Causes of Influenza

Influenza viruses (A, B) are the causes of a large number of respiratory sickness that strike almost every winter. These types are usually linked to influenza related hospitalizations and deaths. Type C influenza viruses, unlike their A and B counterparts wreak no or mild respiratory symptoms and do not cause severe public health problems of the A and B influenza types. Hence, the focus of control of the ill effects of influenza is on the A and B types.

Flu viruses mutate regularly by constant changing of the viruses RNA. This mutation better enables the virus to escape its host’s immune system whether the host is birds, humans or other animals. This amazing advantage makes the host susceptible all its life to viral flu infections. This mechanism starts with the host creating antibodies to go after the virus; when the virus’s DNA changes, the created antibody no longer recognizes the altered virus and infection usually follows since the host has no other natural recourse to kill the virus. The created antibody can in certain situations partially protect the body from the new flu virus. When the H1N1 virus arrived in 2009, very few people in the world had no antibodies to identify and fight this novel form of flu virus immediately.

Viruses of the A Type come in two surface proteins (neuraminidase (N) and hemagglutinin (H)) and they can develop into various combinations. When these viruses are disseminated in the environment through direct contact or by droplets, the viruses can enter the host and can either get killed by the hosts’ immune system or be able to increase in the respiratory tract and attack the healthy cells of the host. People with a compromised immune system (individuals with pulmonary disease, asthma patients, cancer patients, pregnant females and others), the flu virus can further weaken their body’s immune system making it more vulnerable to bacterial infections like bacterial pneumonia or develop viral pneumonia. Both bacterial and viral pneumonia types can lead to more serious diseases and even to death.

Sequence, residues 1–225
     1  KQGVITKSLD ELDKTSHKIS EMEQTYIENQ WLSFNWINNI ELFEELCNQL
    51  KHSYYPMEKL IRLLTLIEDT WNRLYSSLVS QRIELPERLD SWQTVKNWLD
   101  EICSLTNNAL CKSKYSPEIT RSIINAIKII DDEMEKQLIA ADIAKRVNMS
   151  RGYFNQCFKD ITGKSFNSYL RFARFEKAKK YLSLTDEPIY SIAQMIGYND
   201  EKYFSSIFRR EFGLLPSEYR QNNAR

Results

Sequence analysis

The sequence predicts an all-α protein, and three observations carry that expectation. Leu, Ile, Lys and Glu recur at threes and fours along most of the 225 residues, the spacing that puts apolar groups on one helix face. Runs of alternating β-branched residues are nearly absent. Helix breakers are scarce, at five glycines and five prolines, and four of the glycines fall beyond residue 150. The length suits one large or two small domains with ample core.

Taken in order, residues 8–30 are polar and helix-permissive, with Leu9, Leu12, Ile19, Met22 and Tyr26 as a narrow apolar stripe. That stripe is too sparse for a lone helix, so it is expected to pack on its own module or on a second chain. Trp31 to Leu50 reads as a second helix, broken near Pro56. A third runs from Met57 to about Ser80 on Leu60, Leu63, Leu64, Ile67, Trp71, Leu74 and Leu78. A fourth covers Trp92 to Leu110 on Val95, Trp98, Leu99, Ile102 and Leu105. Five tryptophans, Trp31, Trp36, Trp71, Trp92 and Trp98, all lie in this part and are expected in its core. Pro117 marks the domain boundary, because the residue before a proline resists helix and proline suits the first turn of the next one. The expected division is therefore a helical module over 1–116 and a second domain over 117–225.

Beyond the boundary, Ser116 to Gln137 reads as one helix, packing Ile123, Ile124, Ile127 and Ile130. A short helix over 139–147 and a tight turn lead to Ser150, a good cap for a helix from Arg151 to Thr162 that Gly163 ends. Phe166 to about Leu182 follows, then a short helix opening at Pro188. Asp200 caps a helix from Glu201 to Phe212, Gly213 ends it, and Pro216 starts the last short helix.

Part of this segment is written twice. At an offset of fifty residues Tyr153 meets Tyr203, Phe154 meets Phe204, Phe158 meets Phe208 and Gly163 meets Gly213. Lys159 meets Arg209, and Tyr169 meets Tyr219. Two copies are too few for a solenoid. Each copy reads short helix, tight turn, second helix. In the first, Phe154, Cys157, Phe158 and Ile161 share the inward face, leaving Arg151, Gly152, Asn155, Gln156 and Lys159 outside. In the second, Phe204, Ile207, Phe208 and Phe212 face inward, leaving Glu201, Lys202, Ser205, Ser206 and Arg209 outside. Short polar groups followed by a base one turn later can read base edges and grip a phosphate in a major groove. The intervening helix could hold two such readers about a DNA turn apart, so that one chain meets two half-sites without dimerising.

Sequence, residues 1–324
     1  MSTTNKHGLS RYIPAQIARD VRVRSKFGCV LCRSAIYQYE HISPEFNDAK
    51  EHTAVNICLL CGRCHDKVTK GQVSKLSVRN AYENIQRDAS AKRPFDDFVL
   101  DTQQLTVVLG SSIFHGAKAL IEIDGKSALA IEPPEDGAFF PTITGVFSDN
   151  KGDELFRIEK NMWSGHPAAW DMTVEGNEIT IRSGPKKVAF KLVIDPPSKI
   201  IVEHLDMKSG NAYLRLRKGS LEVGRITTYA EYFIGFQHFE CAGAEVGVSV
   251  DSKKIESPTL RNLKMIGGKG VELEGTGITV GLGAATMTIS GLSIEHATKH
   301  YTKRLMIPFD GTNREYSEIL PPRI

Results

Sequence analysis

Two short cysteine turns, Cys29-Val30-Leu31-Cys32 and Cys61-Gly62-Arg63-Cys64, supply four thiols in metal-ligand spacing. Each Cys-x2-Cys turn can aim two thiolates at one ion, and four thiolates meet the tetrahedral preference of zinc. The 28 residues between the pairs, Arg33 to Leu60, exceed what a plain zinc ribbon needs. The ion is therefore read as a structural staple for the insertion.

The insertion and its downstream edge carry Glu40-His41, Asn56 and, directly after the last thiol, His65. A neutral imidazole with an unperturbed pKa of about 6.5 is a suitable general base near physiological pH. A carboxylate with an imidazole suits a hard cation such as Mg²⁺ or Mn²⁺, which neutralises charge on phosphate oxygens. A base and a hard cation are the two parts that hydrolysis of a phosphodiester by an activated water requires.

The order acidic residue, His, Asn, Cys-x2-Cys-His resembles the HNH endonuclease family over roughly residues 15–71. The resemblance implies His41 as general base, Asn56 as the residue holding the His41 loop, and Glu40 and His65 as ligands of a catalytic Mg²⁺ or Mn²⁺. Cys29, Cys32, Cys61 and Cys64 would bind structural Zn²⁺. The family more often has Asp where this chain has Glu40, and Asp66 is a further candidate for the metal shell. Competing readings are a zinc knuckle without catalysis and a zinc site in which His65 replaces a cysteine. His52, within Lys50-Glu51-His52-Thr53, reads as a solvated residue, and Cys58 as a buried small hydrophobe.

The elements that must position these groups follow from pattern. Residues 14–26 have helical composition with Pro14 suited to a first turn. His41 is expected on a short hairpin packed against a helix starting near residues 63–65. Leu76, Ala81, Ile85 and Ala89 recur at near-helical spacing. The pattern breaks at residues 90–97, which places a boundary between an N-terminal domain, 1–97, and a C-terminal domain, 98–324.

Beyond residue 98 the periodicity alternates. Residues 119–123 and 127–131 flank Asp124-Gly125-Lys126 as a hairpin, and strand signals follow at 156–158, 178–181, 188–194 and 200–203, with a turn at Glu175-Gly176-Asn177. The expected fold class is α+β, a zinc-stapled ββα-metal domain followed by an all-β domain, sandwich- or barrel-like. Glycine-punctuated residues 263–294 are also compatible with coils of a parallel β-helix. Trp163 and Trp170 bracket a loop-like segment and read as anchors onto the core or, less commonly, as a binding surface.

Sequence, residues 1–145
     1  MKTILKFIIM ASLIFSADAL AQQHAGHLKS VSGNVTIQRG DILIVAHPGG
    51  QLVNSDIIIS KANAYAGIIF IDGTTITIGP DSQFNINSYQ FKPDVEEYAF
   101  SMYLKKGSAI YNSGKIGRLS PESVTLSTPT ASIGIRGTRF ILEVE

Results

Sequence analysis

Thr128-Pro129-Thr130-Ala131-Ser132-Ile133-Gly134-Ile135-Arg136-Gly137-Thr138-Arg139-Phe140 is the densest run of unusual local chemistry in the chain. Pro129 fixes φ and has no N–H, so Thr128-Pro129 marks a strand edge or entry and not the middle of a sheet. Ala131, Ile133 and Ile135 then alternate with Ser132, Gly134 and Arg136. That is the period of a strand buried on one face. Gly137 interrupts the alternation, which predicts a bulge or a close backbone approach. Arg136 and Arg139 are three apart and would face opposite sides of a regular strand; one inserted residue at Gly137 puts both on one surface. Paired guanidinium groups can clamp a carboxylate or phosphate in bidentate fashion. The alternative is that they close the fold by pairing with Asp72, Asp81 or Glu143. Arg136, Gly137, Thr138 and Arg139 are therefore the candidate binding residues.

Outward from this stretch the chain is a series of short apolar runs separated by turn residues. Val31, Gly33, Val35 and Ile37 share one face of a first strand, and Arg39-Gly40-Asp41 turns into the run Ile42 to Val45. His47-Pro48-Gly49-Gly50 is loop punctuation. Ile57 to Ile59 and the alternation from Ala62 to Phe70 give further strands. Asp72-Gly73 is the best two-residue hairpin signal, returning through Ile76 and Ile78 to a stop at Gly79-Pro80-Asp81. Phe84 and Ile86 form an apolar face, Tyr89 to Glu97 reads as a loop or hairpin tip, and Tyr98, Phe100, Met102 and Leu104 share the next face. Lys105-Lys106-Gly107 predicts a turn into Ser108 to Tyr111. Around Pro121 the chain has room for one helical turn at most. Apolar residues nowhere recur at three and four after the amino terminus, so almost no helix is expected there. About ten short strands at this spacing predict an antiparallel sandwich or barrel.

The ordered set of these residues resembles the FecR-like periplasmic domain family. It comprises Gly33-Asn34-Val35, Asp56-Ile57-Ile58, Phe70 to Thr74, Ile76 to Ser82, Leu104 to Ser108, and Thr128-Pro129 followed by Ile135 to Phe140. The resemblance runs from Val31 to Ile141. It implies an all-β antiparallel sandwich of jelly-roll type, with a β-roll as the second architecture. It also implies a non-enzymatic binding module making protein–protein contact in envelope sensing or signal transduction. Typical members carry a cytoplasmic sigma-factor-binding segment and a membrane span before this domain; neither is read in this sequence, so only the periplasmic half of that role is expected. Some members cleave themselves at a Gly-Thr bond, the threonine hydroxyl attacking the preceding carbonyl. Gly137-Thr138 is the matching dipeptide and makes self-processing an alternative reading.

The flu virus can easily be transmitted from person to person. It can spread when one either comes into direct contact with someone’s infected secretions (using the infected person’s objects like forks and spoons, or by touching and kissing the infected person) or when a person inhales droplets of infected matter in the air (like inhaling droplets of an infected persons sneeze or cough). The flu virus can likewise be transmitted when you touch surfaces that are infected like telephones, computer keyboards or mice, TV remotes, handles and doorknobs. When your hands become infected and you touch your mouth, eyes, or nose the virus enters your body and your whole body then may in all likelihood become infected.


Nelya de Brun, DAOM
Classical Oriental Medicine, LLC
3459 Woolbright Rd
Boynton Beach, FL 33463
(561) 932-3905